Grand Canyon Uranium Mine to Reopen Despite Federal Ban

Native tribe, environmentalists react with angry lawsuit
By Neal Colgrass,  Newser Staff
Posted Apr 1, 2013 4:48 PM CDT
Grand Canyon Uranium Mine to Reopen Despite Federal Ban
This image provided by Google Maps shows a view from the Grand Canyon and Colorado River in Oct. 2012 in Arizona.    (AP Photo/Google Maps)

An energy company plans to reopen its uranium mine near the Grand Canyon despite a 20-year federal ban on new uranium mines in the area, the Arizona Republic reports. The Huvasupai Tribe and environmentalists are hopping mad, but Energy Fuels Resources has an argument: Its mine is grandfathered because it was approved back in 1986—and the federal government agrees. Opponents counter that the government didn't know the dangers of uranium mining back in 1986.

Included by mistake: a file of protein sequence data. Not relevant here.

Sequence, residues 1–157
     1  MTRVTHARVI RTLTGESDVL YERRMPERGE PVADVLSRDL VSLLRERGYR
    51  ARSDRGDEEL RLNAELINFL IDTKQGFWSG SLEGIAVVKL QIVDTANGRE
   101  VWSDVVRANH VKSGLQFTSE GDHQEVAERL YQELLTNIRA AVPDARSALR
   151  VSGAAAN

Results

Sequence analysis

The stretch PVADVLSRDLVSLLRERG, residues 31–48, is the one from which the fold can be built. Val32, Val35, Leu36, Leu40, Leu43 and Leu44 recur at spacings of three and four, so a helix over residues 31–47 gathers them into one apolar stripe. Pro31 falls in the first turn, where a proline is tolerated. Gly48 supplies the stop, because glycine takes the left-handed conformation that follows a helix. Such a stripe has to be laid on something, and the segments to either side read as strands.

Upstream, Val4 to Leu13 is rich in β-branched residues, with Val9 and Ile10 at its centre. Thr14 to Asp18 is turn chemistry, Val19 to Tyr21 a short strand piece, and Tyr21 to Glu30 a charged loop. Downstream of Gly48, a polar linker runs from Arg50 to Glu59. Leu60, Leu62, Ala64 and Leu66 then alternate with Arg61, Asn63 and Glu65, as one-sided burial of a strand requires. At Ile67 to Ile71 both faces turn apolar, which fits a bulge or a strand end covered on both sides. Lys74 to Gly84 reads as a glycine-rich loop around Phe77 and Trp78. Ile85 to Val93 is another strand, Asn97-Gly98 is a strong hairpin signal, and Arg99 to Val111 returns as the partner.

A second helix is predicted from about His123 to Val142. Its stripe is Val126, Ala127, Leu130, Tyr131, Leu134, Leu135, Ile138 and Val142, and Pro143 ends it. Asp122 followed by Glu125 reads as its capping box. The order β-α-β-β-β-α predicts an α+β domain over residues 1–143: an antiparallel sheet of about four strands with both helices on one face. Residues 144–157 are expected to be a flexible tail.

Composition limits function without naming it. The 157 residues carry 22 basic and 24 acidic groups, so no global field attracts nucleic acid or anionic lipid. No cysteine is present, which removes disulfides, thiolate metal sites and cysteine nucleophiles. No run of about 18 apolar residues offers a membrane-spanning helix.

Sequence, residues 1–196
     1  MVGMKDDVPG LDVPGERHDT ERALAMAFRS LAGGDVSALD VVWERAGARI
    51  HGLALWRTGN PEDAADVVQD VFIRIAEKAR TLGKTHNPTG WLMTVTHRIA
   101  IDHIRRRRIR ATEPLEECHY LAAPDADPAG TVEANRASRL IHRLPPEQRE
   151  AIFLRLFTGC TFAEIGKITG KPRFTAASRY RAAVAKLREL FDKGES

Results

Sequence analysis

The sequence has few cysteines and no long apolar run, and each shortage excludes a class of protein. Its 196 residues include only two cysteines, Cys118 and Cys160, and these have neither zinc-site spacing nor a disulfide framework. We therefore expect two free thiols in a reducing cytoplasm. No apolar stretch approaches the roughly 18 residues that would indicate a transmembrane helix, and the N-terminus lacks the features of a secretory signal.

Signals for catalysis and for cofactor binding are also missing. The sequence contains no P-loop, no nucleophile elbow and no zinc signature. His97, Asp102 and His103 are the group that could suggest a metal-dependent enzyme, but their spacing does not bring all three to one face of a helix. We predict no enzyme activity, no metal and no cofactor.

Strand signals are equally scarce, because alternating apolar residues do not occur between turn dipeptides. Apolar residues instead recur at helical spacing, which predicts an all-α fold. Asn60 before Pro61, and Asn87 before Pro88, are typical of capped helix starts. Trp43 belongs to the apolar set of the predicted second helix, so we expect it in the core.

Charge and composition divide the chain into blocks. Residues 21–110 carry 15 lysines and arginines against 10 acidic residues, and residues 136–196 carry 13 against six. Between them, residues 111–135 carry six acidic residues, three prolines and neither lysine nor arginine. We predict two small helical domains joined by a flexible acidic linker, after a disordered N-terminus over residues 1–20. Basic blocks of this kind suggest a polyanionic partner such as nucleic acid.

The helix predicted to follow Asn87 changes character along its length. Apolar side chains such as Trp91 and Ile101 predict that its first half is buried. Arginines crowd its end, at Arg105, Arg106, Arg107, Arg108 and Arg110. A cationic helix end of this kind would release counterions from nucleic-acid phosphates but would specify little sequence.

They say groundwater pollution will either flow into the canyon or contaminate the tribe's only water source. "It’s sacred to us, and we have been mandated by our people—and our ancestors—to protect the site," says a tribal vice chair. But a hydrogeologist notes that no one knows whether water from the uranium mine would reach the aquifer, which is sometimes 3,000 feet deep. Meanwhile, the tribe has joined environmentalists in a lawsuit to block the mine from reopening. (Read more uranium stories.)

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